making a miniature pencil


I want to show you how using a scale ruler will help you make your miniatures even more realistic. Often what gives something away as being miniature is the slightest inconsistency of scale. Getting your miniature as close to the scale representation as you can will make it that much more convincing. To illustrate this point (pardon the pun), I’m going to make a pencil from a toothpick.


A scale ruler is just like any other ruler but it has 12 notches between each inch. These notches represent 1:12 scale miniature inches. I call these “tiny inches”. If something is 4″ in real life, it will be 4 notches on the scale ruler or 4 tiny inches. Using a scale ruler to measure your final miniature will help you determine how close to scale you are. It also helps when you are sourcing materials for your miniatures to determine if the size is appropriate.


For the pencil, when I measure a real pencil, it is about .25″ wide.


A toothpick measures 1 tiny inch wide. To remove the extra width, I gently glide a blade over the section of the toothpick that I’m going to make into a pencil. I keep the toothpick whole because it makes this part easier and safer.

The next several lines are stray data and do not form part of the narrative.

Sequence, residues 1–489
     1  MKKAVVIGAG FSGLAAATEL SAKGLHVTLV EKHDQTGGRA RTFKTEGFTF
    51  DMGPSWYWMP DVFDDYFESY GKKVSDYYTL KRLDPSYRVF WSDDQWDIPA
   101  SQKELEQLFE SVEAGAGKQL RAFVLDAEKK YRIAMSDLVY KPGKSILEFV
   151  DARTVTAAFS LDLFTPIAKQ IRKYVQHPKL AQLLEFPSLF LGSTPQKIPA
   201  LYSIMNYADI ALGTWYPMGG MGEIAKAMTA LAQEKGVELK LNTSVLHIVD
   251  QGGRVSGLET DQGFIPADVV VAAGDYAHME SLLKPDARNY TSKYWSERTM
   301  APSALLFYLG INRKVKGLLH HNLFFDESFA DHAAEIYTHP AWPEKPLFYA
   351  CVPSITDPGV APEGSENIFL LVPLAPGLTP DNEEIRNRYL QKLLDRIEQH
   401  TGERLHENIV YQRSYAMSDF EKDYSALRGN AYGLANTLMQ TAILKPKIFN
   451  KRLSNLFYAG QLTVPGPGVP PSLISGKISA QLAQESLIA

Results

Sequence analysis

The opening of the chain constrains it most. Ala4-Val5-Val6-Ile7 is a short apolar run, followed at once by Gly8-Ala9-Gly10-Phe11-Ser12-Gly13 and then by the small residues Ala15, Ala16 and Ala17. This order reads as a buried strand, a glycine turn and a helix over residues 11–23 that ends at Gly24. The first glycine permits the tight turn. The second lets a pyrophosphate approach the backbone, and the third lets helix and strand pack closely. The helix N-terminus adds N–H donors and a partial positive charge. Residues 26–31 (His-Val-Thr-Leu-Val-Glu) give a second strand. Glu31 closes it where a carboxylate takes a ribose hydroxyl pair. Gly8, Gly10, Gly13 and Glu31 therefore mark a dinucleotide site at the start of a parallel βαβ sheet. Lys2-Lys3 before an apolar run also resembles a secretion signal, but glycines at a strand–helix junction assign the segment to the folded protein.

One benefit is that this shaving of extra wood will make it less round and more angular, like a real pencil is! I’m not really whittling, or digging into the wood. I’m just running the blade lightly over the wood, keeping my fingers out of the way by holding the end of the toothpick.


Here you can see that the toothpick is now about 1/2 of a tiny inch. I could keep going but I’m okay with it here.


With the toothpick still whole, I paint the body of the pencil a nice orange-yellow.


Once that is dry, I trim the pencil so that there is about 1 tiny inch for the lead part of the pencil and about 1-2 tiny inches for the eraser part.


I used my blade to carefully sharpen the pencil. This time I am cutting into the wood, creating a pointy end.


I dipped the pointy end into black paint to create the lead.


I dipped the other end in pink to create the eraser.


Next, I simply painted the area between the pencil body and the pink eraser with silver metallic paint. Ta-dah!


In the photo above, the fatter pencil was made from a toothpick that was not shaved down to size. It’s still a great pencil but perhaps it looks more like one of those fat beginner pencils, right?

Here’s a scale ruler for you to use. Just be sure that it prints out at 100% by measuring it up against a regular ruler. The inch measurements should line up.

scale ruler

Laminate it or glue it to sturdy cardboard, or even the back of a regular ruler and keep it handy for when you are creating your Club Little House littles!

One observation on “making a miniature pencil
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